Sometimes the best recipes happen by accident. This is one of those recipes. No milk? No problem! There’s a good reason I always have evaporated milk on hand and coffee creamer in my fridge!


Although I usually make the traditional favorites on holidays, this year included a few new offerings as I branched out to explore new recipes. One big hit was a Black Forest Tart made using a gluten-free approach. The presentation is impressive, but the recipe is simple and easy. Grandson Seth said, “It’s one of the best things he’s ever eaten.” That’s good enough for me to include it in future holiday menus and to share with you!


1 1/4 cups chocolate cookie crumbs (I used a gluten-free version)
1/4 cup sugar
1/4 cup butter, melted


1/2 cup butter
6 ounces semisweet chocolate or chocolate chips
3 large eggs, room temperature
2/3 cup sugar
1 teaspoon vanilla
1/4 teaspoon salt
2/3 cup flour (I used King Arthur’s Gluten-Free Cup-for-Cup Flour Mix)


1 can cherry pie filling


In a small bowl, combine wafer crumbs and sugar and mix in butter. Press onto the bottom and up the sides of a lightly greased 11-in. fluted tart pan with removable bottom. Note: I found that I needed a few more crumbs to adequately reach the top of the tart pan. I added another 1/4 cup of crumbs, a dab more sugar, and butter.

Place the pan on a baking sheet. Bake at 350° until lightly browned, 8-10 minutes. Cool completely.

In a microwave, melt butter and chocolate; stir until smooth. (Do this in 30-second increments, stirring between each, to avoid chocolate seizing up.)Cool for 10 minutes. In a large bowl, beat the eggs, sugar, vanilla, and salt until thickened. Blend in the chocolate mixture. Stir in flour and mix well.

Pour into crust;, spreading evenly. Bake at 350° until a toothpick inserted in the center comes out clean, about 25-30 minutes. Cool completely. Spread pie filling over the top.

Refrigerate until serving. Slice in small wedges and serve garnished with whipped cream and shaved chocolate.

Use a sharp knife to cut and dip in warm water between slices to make smooth and even cuts.


I’m always looking for something that’s a quick and easy treat to put together for a holiday. This Halloween Boo-Bark is the perfect project to do with your kids or grandkids. All it takes is milk chocolate or white chocolate almond bark and any variety of candies or salty additions you want to use. You can make it more Halloween-themed by using candy eyeballs, fall-themed nonpareils and sprinkles, and Halloween standards like candy corn or Reeses pieces. In our house, I make it with gluten-free pretzels to ensure it’s safe for some of my family members with gluten allergies. Go crazy, go wild, and be creative with your candy-making!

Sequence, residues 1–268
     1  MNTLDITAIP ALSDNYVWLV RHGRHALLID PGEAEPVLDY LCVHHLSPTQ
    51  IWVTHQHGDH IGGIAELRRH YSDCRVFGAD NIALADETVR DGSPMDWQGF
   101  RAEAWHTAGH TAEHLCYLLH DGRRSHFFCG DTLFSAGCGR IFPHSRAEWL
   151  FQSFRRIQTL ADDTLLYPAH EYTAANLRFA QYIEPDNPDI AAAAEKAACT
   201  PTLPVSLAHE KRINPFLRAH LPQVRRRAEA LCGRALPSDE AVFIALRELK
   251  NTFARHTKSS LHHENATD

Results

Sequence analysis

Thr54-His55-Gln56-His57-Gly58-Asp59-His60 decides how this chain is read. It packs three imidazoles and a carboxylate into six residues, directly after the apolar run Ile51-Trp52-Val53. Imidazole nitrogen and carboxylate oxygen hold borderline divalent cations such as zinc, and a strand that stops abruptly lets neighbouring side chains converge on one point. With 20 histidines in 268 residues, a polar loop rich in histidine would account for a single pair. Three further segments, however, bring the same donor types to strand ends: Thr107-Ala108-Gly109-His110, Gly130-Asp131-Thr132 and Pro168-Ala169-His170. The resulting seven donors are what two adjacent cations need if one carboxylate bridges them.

2 packages of chocolate almond bark or white chocolate candy bark
Selection of candies or salty treats to add to the top, such as:
Mini pretzels
Salted peanuts
Candy Corn
Reeses Pieces
Candy Eyeballs
Fall colored sprinkles
Mini oreo cookies or crushed cookie crumbles


Line a jelly roll pan with parchment paper. This is important or your candy will stick to the bottom of the pan and you’ll have a hard time getting it out in nice, uniform pieces.

Melt the chocolate bark in a glass mixing bowl. Microwave on high heat for about 30-45 seconds. Remove and stir. Continue microwaving in 15-second increments, stirring between each increment, until the chocolate is completely melted and smooth.

Pour melted bark into the jelly roll pan, smoothing to the edges to create an even layer of chocolate. Add your candies and salted treats to the top. Press down lightly on some of the larger items such as pretzels and candy corn to make sure they are able to adhere to the chocolate.

Allow the chocolate to completely set up in a cool place, at least overnight. Break up into smaller pieces and serve!

I like to place another sheet of parchment paper over the top of the boo-bark as I’m breaking it up to keep my hands clean and to keep the heat of my hands from smudging or melting the chocolate.